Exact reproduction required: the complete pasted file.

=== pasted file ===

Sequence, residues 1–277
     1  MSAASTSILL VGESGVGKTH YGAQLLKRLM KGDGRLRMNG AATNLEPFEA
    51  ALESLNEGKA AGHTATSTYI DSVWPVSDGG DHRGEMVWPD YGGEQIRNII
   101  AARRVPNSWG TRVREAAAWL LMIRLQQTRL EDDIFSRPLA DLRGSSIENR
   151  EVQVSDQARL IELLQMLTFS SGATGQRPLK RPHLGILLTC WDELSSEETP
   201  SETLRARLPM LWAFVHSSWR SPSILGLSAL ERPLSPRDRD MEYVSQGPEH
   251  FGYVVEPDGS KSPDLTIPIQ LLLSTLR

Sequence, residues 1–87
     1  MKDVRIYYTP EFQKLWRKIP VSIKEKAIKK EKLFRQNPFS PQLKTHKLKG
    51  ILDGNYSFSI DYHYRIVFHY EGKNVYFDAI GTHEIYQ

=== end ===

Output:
Sequence, residues 1–277
     1  MSAASTSILL VGESGVGKTH YGAQLLKRLM KGDGRLRMNG AATNLEPFEA
    51  ALESLNEGKA AGHTATSTYI DSVWPVSDGG DHRGEMVWPD YGGEQIRNII
   101  AARRVPNSWG TRVREAAAWL LMIRLQQTRL EDDIFSRPLA DLRGSSIENR
   151  EVQVSDQARL IELLQMLTFS SGATGQRPLK RPHLGILLTC WDELSSEETP
   201  SETLRARLPM LWAFVHSSWR SPSILGLSAL ERPLSPRDRD MEYVSQGPEH
   251  FGYVVEPDGS KSPDLTIPIQ LLLSTLR

Sequence, residues 1–87
     1  MKDVRIYYTP EFQKLWRKIP VSIKEKAIKK EKLFRQNPFS PQLKTHKLKG
    51  ILDGNYSFSI DYHYRIVFHY EGKNVYFDAI GTHEIYQ